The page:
Michael Kanellos, now a celebrity, is dining on watercress sandwiches and champagne with Silicon Valley glitterati at the Bloom Energy unveiling. His minions are sending me cryptic transcripts of his pronouncements while I sit in the sub-basement of the Greentech Media headquarters, chained to a desk.
Here are his notes:
- Bloom Energy's CEO K.R. Sridhar says that the "Bloom Box" fuel cells can produce power for 9 to 10 cents a kilowatt hour including subsidies and have a payback of 3 to 5 years with those subsides. (There is a federal subsidy and a California subsidy as well).
- General Colin Powell, Kleiner Perkins special partner and now a Bloom Energy board member, said that the fuel cells will be be good in the battlefield.
- And as hinted in the 60 Minutes interview (and as suspected by virtue of the "Regenerative" part of the Solid Oxide Regenerative Fuel Cell moniker), CEO Sridhar said the cells could perform the reverse reaction -- using an electrical input from, say, a solar panel and electrolyzing water to create hydrogen with the proper plumbing. That option is not currently available.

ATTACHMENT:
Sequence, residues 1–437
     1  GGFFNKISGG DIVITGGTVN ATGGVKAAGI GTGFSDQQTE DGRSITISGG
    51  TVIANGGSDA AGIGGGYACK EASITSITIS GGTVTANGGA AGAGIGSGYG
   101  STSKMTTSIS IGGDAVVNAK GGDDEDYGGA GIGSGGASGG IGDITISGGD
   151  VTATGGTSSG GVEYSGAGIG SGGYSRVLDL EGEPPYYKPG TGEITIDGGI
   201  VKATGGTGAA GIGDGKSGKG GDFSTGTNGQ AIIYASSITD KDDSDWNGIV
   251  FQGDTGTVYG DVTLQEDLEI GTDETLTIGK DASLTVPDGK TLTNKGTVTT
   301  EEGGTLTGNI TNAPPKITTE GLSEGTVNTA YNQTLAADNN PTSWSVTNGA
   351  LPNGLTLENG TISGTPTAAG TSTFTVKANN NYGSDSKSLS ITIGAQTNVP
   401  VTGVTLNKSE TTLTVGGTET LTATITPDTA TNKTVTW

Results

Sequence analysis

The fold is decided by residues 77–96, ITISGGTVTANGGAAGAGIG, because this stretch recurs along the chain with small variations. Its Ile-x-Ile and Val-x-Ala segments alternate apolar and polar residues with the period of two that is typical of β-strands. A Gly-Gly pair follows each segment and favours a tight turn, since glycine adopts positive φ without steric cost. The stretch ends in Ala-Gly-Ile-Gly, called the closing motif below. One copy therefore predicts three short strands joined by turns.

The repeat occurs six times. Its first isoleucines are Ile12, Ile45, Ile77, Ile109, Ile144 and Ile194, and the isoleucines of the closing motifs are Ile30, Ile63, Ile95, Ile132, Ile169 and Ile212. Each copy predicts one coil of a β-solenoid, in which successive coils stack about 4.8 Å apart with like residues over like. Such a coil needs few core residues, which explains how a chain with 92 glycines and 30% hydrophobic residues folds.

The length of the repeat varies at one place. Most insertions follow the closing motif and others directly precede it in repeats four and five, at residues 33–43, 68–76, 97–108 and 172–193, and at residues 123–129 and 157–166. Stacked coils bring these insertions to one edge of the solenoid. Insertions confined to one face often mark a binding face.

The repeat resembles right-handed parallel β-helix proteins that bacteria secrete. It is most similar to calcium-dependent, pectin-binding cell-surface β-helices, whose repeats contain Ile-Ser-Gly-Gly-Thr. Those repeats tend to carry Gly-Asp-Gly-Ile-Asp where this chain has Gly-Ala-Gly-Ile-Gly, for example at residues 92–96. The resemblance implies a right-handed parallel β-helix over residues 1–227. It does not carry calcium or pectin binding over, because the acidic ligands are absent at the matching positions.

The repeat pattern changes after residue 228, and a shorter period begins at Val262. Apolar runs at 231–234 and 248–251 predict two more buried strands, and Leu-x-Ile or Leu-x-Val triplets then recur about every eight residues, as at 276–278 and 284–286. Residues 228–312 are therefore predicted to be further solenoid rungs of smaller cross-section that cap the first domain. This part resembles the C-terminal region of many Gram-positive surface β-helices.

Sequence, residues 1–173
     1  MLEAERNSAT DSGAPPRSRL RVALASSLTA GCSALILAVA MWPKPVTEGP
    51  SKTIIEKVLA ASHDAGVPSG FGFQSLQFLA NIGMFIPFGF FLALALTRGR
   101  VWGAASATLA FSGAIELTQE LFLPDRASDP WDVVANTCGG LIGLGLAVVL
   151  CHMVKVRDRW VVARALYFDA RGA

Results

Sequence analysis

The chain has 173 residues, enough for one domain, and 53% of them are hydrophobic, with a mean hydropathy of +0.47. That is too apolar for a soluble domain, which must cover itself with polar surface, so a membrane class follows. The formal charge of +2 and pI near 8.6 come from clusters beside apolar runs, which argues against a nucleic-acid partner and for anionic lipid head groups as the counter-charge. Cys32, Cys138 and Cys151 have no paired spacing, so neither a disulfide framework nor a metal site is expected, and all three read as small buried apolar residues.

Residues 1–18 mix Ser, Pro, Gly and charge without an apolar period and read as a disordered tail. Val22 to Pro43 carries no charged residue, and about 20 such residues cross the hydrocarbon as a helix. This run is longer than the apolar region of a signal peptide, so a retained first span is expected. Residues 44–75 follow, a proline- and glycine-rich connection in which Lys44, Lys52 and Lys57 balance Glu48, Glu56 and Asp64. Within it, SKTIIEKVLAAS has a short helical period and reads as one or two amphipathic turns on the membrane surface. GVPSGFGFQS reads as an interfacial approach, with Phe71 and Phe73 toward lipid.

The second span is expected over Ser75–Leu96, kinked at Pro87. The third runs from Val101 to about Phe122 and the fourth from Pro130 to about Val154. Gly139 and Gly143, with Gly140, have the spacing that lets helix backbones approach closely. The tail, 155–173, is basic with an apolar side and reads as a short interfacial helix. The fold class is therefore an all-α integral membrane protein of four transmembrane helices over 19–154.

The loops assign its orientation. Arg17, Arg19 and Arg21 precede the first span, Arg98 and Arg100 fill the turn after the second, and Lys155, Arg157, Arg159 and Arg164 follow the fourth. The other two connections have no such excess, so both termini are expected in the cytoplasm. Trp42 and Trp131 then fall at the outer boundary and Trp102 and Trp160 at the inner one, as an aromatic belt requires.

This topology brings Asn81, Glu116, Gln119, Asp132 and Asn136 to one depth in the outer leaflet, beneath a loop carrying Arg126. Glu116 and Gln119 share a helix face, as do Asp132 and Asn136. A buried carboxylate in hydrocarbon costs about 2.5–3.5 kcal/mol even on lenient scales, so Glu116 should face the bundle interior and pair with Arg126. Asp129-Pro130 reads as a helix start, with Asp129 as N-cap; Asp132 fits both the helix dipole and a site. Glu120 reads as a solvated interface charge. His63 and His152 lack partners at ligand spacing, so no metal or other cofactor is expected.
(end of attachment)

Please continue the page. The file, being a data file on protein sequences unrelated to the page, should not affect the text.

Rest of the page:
And here are some excerpts from the company's press releases at the apogee of its hype cycle:
- Bloom is using the term "server," as in 'Bloom Energy Server.' (It's a sophisticated bit of PR, but ultimately meaningless.)
- To date, Bloom Energy Servers, currently in deployment for several Fortune 500 companies, have produced more than 11 million kilowatt hours of electricity, with CO2 reductions estimated at 14 million pounds. (Take this calculation with a grain of salt. You have to subtract K.R. Sridhar's flights to Davos.)
- Current Bloom Energy customers include Coca-Cola, Cox Communications, eBay, Google, FedEx, Staples, and Wal-Mart.
- Attendees at Bloom Energy’s launch event today include, among others, CA Governor Arnold Schwarzenegger, former Secretary of State Colin Powell, and John Doerr of Kleiner Perkins.
- Each Bloom Energy Server provides 100 kilowatts of power in roughly the footprint of a parking space.
- Depending on whether they are using a fossil or renewable fuel, they can also achieve a 40%-100% reduction in their carbon footprint as compared with the U.S. grid.